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Readjusting Your Sleep to Stave Off Type 2 Diabetes

Readjusting Your Sleep to Stave Off Type 2 Diabetes

There are plenty of studies that support the idea that certain lifestyle habits can ward off the development of type 2 diabetes. One of these habits is making sure that you get the right amount of sleep.


When you don’t get enough sleep, it can cause metabolic problems. When you make sure that you get plenty of sleep during the week as well as on the weekend, you not only lower your risk of getting diabetes, but you can ward it off completely.


The problem is that most people live such hectic lives that one of the first things they give up in order to get everything done is sleep. Things happen that we don’t plan to happen.


We forget something that’s due the next morning. Or we have to take care of something a child or other family member needs and before we realize it, it’s the wee hours of the morning and we’re still not in bed yet.


You might be fully aware that you need to get more sleep than you do. But life isn’t perfect and we all do whatever it is that we have to do to make sure we get stuff taken care of.


But losing sleep really is one of the worst things that you can do to your body. Whenever sleep is lost, regardless of how fit you are or what your weight is - you can develop prediabetes - the forerunner for diabetes.


Then if you continue to go on with that lack of enough sleep, you’ll end up getting diabetes. That means that even if you don’t have a family history of the disease, you can still end up with it - all because of a lack of sleep.


The first thing that begins to happen when you don’t get enough sleep is that your fatty acid levels rise. At the same time, your cells start balking at the insulin and your body stays in this heightened state of resistance for hours.


This is the first step that leads to insulin resistance. Then, a lack of sleep affects your hormones and you end up getting a surge of cortisol. This hormone is what’s known as the stress hormone.


Sleep deprivation can accumulate and the toll that it takes on your body and your organs will eventually show up in your endocrine system in areas of your pancreas and your cells.


By losing sleep, you cause your cells to become insulin resistant and the sensitivity your body has in using insulin is diminished. Not getting enough sleep limits the way that your body moves glucose out of your bloodstream and studies have shown that when you make up the sleep that you’ve lost, your body is able to handle the glucose.


Most people get six hours of sleep or less every weekday and because they feel okay on that little sleep, especially if it’s a habit they’ve had for years, they continue to do it. They don’t realize that the lack of enough sleep is silently paving the way for diabetes to begin.


Maybe you’re at the point where you absolutely can’t add hours to your sleep routine. That’s okay. You don’t have to add hours all at once. When you add just a little bit more time to your sleep schedule, you can lower your odds of being diagnosed with type 2 diabetes.


If you’re someone who routinely sleeps six hours, simply adding a half an hour can significantly lower your chances of getting or reversing the disease. In a study done on adults who didn’t have any problems with the way that their body used insulin, participants were deprived of sleep and then their insulin sensitivity checked.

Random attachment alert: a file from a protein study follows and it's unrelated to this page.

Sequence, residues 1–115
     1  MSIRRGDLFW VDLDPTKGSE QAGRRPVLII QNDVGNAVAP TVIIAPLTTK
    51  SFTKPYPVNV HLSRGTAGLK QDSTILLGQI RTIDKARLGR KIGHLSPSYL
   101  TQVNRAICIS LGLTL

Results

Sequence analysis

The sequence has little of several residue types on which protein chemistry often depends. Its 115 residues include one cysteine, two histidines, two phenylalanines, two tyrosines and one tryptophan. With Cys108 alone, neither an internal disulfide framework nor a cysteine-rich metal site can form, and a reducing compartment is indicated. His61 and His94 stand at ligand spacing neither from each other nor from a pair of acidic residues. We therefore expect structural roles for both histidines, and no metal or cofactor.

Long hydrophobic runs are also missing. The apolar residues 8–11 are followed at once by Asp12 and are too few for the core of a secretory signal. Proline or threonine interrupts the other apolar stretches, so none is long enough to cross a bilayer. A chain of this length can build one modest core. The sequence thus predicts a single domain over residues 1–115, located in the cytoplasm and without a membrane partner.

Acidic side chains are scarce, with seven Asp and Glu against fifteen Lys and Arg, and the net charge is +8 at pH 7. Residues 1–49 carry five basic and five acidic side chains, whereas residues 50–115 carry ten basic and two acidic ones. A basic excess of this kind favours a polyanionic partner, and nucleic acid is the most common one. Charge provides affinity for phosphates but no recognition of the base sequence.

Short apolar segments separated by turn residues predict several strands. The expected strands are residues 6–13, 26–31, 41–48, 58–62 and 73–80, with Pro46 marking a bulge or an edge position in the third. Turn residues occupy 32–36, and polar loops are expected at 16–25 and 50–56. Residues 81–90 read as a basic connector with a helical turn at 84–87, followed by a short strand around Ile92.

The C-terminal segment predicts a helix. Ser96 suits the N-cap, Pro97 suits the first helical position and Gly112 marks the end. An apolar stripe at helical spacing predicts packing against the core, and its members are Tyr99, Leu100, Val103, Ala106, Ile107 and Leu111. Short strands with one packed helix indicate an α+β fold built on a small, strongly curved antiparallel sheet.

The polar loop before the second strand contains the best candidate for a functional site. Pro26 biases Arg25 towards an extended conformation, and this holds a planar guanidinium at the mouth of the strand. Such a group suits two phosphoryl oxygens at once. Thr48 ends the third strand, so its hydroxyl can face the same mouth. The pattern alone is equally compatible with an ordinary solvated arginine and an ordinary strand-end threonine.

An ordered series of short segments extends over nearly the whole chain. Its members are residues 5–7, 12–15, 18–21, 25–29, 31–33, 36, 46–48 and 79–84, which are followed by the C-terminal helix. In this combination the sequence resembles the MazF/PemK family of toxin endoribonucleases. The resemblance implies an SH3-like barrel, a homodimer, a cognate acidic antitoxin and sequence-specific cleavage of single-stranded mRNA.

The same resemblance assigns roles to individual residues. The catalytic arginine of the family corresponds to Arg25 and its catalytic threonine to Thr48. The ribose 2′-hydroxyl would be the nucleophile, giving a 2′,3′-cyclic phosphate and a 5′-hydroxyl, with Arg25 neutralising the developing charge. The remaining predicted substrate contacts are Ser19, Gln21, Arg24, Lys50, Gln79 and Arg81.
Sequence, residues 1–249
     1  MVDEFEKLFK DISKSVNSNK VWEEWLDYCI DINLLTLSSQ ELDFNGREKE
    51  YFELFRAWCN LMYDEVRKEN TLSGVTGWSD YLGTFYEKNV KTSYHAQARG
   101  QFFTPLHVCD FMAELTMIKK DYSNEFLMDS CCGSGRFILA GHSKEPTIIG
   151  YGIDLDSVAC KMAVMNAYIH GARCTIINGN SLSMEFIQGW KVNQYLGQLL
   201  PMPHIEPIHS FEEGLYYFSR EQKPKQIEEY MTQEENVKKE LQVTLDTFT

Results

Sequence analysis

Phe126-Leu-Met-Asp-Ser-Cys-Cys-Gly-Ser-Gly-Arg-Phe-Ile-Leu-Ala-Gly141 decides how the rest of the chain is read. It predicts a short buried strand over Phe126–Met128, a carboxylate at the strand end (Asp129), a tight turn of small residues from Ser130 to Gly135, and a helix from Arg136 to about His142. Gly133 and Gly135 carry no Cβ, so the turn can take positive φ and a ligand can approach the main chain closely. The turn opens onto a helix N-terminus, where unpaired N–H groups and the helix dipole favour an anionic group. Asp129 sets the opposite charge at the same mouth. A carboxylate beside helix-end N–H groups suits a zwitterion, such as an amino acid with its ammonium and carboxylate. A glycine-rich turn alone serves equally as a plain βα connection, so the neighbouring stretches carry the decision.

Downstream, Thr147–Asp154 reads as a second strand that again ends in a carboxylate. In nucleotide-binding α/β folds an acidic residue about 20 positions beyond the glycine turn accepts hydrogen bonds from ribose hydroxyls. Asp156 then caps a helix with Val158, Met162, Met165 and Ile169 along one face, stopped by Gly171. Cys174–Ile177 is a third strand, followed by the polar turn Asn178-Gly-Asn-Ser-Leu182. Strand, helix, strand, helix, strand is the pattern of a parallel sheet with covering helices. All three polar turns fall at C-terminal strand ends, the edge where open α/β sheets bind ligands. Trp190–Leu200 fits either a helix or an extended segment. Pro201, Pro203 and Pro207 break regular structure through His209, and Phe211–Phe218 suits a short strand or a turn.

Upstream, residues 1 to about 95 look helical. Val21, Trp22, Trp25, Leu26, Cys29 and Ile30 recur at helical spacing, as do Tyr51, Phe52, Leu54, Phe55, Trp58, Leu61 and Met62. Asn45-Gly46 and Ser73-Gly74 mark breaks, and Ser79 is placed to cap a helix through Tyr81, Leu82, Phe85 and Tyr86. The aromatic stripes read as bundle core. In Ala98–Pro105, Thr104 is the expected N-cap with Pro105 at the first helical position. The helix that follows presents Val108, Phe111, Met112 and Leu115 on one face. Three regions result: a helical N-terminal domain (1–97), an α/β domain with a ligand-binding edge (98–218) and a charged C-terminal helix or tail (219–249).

It was found to be worse after losing sleep - but once the participants were able to get the sleep that their body needed, the insulin sensitivity returned to normal. There has been a lot of advice that spread about that people shouldn’t attempt to catch up on missed sleep during the week by sleeping more on the weekends.


The advice says that by sleeping more, you throw off your body’s sleep schedule and that you should continue the same sleep habits that you have during the week. But this is bad advice.


It’s actually a good thing to sleep extra on the weekends. By sleeping more hours on the weekend, you allow your body to catch up on the missed sleep and you improve your body’s ability to handle insulin.


This helps you stave off type 2 diabetes. There are some steps that you can take to make sure that you readjust your sleep to prevent diabetes. You have to make getting enough sleep a priority.


If you can’t change the time that you have to get up every morning, you can change the time that you go to bed. It’s tempting to stay up later than we should, especially after a difficult work day, and unwind by watching television.


It’s always best to get at least 7 hours of sleep. Anything less than 6 hours is sleep deprivation. There are different things that you can do to make sure that you get the sleep you need to prevent getting type 2 diabetes.


Besides making sure that you go to bed in plenty of time to get at least 7 hours of sleep, keep your bedroom as a haven for sleep. Don’t use the room for anything that can cause you to feel stressed.


Don’t use your laptop in bed, don’t use your phone to check social media and don’t read, watch or discuss anything that upsets you right before bed. Make sure the temperature in your room is conducive to sleep.


A room that’s too hot or too cold can make getting to sleep and staying asleep more difficult. Be sure that your bed is comfortable and that you have comfortable linens. If you have noisy neighbors or live in an area where noise is a problem, you can get a white noise machine to help drown out the sounds that might keep you from falling asleep.


You can use lined, room darkening curtains to help make sure the lights from outside or the moonlight stays out of your bedroom so that you can sleep. If you’ve been losing sleep, don’t wait another evening to take action so that you can prevent or reverse diabetes.

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